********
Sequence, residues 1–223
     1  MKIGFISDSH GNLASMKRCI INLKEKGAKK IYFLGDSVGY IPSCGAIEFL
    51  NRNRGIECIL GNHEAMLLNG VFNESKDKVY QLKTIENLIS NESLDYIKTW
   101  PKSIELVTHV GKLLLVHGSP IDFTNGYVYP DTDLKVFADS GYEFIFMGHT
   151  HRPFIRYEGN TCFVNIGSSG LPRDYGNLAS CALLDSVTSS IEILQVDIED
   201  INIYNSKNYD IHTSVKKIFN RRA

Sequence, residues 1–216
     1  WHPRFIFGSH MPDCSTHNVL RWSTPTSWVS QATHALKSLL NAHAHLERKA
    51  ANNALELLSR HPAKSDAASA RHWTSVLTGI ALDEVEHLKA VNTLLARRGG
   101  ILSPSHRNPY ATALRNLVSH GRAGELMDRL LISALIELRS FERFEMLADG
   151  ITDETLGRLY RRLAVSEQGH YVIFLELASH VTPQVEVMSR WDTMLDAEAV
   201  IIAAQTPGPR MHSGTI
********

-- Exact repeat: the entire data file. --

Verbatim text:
Sequence, residues 1–223
     1  MKIGFISDSH GNLASMKRCI INLKEKGAKK IYFLGDSVGY IPSCGAIEFL
    51  NRNRGIECIL GNHEAMLLNG VFNESKDKVY QLKTIENLIS NESLDYIKTW
   101  PKSIELVTHV GKLLLVHGSP IDFTNGYVYP DTDLKVFADS GYEFIFMGHT
   151  HRPFIRYEGN TCFVNIGSSG LPRDYGNLAS CALLDSVTSS IEILQVDIED
   201  INIYNSKNYD IHTSVKKIFN RRA

Sequence, residues 1–216
     1  WHPRFIFGSH MPDCSTHNVL RWSTPTSWVS QATHALKSLL NAHAHLERKA
    51  ANNALELLSR HPAKSDAASA RHWTSVLTGI ALDEVEHLKA VNTLLARRGG
   101  ILSPSHRNPY ATALRNLVSH GRAGELMDRL LISALIELRS FERFEMLADG
   151  ITDETLGRLY RRLAVSEQGH YVIFLELASH VTPQVEVMSR WDTMLDAEAV
   201  IIAAQTPGPR MHSGTI